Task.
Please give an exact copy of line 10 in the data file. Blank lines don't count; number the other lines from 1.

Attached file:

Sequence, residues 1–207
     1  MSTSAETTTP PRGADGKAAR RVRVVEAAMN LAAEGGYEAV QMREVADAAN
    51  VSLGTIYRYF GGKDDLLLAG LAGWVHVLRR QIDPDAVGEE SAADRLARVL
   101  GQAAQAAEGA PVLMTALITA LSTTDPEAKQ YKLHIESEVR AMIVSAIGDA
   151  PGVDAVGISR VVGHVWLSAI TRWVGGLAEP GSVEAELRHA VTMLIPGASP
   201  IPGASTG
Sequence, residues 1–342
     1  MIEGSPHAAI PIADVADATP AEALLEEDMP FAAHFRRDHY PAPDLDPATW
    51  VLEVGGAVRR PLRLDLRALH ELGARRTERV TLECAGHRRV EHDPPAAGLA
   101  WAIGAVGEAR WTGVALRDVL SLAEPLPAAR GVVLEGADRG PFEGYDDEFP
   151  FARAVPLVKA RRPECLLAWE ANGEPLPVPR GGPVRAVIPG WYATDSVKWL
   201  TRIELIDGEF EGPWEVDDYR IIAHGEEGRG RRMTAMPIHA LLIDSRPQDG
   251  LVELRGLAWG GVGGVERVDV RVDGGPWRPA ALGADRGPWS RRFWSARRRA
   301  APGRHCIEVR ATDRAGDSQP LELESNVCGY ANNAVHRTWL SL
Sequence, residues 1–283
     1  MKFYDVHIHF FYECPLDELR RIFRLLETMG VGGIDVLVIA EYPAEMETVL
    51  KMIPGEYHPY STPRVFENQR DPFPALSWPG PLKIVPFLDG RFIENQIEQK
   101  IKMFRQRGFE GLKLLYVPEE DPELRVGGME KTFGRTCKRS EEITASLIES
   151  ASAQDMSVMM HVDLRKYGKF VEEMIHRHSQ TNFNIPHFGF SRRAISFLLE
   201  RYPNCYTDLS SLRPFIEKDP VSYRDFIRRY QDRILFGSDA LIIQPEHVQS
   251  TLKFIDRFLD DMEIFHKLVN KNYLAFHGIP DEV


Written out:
   101  WAIGAVGEAR WTGVALRDVL SLAEPLPAAR GVVLEGADRG PFEGYDDEFP